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Victoria Toensing and Gregory Hicks during the May 8 hearing of the House Oversight and Government Reform Committee on the Benghazi attack

The State Department has been leaking to reporters false information to discredit Benghazi whistleblower Gregory Hicks, charged his legal counsel, Victoria Toensing, in an interview with WND.

Hicks, who testified May 8 before the House Oversight and Government Reform Committee, is the former State Department deputy chief of mission who was in Libya at the time of the Benghazi attack.

Toensing told WND the State Department has been telling reporters that U.S. Ambassador Christopher Stevens could not reach Hicks by telephone on the night he was killed in the terrorist attack, Sept. 11, 2012, because Hicks was relaxing, watching television, and did not have his telephone with him.

“This is a total fabrication,” Toensing charged. “Telephone reception in Libya is notoriously unreliable. Sometimes you just don’t get your calls. And besides, the record will show Hicks reached Stevens by telephone within five or 10 minutes at the most after Stevens first telephoned him.”

Toensing said several reporters, whom she declined to identify, have called her to ask if the story about Hicks being AWOL at the time of the Benghazi attack was true.

“I have reason to believe the reporters calling me got their information from sources within the State Department,” Toensing added.

At WND’s urging, Toensing identified one reporter she believed had been leaking false information about her client.

“The State Department correspondent from CBS, Margaret Brennan, called me and asked if it was true my client had a history of ‘yelling at people’ within the State Department,” Toensing explained.

“Mr. Hicks is so mild-mannered I cannot imagine him yelling at anyone,” Toensing said she explained to Manning, adding that any such information the reporter obtained from State Department insiders speaking off the record should be disregarded.

After leaving voice mail messages, WND was unable to contact Brennan for comment.

Toensing told WND she believes the State Department’s motivation for spreading false information about her client is not only to discredit him but to deter others.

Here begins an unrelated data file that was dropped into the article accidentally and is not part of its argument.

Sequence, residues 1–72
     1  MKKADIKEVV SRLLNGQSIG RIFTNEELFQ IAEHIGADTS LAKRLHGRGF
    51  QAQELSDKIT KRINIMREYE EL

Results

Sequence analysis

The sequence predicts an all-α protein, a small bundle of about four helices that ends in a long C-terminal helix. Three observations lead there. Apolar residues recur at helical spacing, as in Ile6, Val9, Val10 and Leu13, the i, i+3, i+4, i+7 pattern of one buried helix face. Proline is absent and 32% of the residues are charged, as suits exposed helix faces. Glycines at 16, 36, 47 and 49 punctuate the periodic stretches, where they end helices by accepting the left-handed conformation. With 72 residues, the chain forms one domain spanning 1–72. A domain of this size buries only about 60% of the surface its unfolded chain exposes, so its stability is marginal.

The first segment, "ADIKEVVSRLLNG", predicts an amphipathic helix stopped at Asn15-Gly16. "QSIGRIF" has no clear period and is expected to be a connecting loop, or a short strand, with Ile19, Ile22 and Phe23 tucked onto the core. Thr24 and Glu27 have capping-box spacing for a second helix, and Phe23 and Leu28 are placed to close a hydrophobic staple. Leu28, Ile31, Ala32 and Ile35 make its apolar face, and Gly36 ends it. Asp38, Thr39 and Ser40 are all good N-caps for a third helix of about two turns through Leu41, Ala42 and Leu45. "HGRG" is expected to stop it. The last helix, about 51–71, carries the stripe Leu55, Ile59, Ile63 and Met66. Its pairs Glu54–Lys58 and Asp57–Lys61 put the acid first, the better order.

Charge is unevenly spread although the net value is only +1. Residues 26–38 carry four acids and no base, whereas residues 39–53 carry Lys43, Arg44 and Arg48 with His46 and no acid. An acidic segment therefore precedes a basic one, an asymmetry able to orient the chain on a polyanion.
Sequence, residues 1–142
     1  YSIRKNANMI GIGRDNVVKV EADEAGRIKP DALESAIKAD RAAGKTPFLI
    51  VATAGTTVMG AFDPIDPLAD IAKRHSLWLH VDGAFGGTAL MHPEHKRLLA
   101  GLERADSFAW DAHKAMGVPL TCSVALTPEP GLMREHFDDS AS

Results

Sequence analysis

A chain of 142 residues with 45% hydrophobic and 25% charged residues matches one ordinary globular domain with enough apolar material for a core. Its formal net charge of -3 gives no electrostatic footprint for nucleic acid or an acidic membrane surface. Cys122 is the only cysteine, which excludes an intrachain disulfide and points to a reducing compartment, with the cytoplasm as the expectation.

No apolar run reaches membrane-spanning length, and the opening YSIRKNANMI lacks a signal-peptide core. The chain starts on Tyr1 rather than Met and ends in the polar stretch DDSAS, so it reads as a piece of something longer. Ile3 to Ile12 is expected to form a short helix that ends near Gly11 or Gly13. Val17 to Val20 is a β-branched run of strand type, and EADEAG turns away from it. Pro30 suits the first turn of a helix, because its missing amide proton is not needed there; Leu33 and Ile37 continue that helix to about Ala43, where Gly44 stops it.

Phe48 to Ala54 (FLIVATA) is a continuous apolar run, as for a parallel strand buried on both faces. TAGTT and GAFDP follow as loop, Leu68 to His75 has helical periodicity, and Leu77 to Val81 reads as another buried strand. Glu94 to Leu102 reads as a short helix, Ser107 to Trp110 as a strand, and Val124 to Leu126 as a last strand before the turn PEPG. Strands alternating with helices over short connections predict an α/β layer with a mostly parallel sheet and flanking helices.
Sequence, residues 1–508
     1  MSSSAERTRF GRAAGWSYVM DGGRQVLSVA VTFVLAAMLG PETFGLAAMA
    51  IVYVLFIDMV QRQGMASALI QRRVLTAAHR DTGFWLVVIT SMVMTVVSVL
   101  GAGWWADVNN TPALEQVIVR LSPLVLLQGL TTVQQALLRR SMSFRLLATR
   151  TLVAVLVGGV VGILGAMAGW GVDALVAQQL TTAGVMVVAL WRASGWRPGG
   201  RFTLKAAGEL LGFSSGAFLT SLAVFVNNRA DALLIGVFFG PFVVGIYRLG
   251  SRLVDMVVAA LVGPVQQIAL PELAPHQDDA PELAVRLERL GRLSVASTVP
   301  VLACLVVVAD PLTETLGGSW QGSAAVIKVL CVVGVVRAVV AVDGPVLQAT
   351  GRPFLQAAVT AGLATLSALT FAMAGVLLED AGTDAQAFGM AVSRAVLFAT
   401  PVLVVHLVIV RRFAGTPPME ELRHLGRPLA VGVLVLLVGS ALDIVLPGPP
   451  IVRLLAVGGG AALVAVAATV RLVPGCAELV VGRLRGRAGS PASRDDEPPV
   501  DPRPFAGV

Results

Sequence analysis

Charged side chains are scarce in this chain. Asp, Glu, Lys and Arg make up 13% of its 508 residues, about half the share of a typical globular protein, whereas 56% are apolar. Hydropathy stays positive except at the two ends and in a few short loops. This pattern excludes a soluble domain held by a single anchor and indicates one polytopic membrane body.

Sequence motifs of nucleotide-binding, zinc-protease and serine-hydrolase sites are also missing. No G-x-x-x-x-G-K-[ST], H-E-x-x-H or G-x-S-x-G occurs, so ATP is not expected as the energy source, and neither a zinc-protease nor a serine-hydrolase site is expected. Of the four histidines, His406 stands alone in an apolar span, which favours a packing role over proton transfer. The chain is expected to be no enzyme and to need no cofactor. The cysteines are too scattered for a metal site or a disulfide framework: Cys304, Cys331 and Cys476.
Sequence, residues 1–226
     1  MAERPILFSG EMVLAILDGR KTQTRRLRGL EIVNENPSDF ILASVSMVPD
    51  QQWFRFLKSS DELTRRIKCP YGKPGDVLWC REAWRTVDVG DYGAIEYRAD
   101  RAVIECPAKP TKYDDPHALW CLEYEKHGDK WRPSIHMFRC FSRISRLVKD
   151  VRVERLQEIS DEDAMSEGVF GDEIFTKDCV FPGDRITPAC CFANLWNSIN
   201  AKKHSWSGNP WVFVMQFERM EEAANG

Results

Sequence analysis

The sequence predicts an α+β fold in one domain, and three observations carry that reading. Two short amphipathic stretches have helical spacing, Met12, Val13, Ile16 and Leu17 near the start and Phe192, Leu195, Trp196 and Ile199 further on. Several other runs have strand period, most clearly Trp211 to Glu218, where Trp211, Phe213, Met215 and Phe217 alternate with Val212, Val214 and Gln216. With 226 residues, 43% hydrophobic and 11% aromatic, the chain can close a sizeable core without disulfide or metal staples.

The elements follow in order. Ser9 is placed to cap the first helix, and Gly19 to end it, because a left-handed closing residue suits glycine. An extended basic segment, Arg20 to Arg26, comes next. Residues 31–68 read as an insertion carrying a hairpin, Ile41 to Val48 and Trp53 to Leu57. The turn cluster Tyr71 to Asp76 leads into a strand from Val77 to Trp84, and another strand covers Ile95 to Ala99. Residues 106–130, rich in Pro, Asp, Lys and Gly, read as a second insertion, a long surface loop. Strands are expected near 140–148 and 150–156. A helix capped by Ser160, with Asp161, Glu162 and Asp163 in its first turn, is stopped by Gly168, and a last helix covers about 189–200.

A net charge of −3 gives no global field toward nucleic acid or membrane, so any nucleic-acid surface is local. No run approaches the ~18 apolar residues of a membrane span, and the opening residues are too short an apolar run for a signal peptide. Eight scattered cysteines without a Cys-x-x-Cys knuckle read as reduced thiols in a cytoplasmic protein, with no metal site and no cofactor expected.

“The State Department is spreading this malicious information not only because they want to ruin my client’s career, but also because they want to make to make Mr. Hicks an example so no one else comes forward,” she said.

“The State Department goal is to show what they can do to people, how easy it is to ruin their careers by spreading false information.”

‘Hicks responded promptly’

According to the testimony Hicks gave the House Oversight and Government Reform Committee, he was in his villa relaxing, watching a television show, at 9:45 p.m. local time on Sept. 11, 2012, but he had his telephone with him.

He noted the time because Regional Security Officer John Martinec came into his villa yelling that the consulate was under attack.

“And I stood up and reached for my phone because I had an inkling or thought that perhaps the ambassador had tried to call me to relay the same message,” Hicks testified. “And I found two missed calls on the phone, one from the ambassador’s phone and one from a phone number I didn’t recognize.”

Hicks told the House committee that he punched the phone number he did not recognize and immediately got the ambassador on the other end. That is when Hicks testified Ambassador Stevens told him, “Greg we’re under attack.”

Toensing told WND Hicks reached Stevens by phone at approximately 9:50 p.m. local time, less than 10 minutes after he missed the call from Stevens.

Hicks continued his testimony to note that after reaching Stevens by phone, he walked to the Tactical Operations Center, where he tried both of the numbers, the unknown number and the ambassador’s number, only to get no response.

That’s when John Martinec was on the phone in Benghazi with Alec Henderson, the regional security officer at the Benghazi compound.

Hicks said Martinec explained the unknown number belonged to Scott Wickland, Stevens’ personal escort for the night.

At approximately 10 p.m., Hicks called the operations center at the State Department in Washington, D.C., to report the attack, according to his testimony to the House committee.

According to the State Department background briefing on the Benghazi attack issued Oct. 9, 2012, the first indication the U.S. personnel at the Benghazi compound had that they were under attack was at 9:40 p.m. local time, when the agent in the Tactical Operations Center and the agents in Building C of the Benghazi compound heard loud noises from the front gate, as well as gunfire and an explosion.

The State Department timeline indicates that there was only 15 minutes between the start of the Benghazi attack at 9:45 p.m. local time and the time Hicks called the State Department in Washington, to inform the D.C. staff that the Benghazi compound was under attack.

The timeline is consistent with Toensing’s insistence that, at most, five to 10 minutes passed between the phone call from Stevens that Hicks missed and the phone call Hicks made to Stevens, connecting with the ambassador when Hicks left his villa and went to the Tactical Operation Center at the U.S. Embassy in Tripoli.

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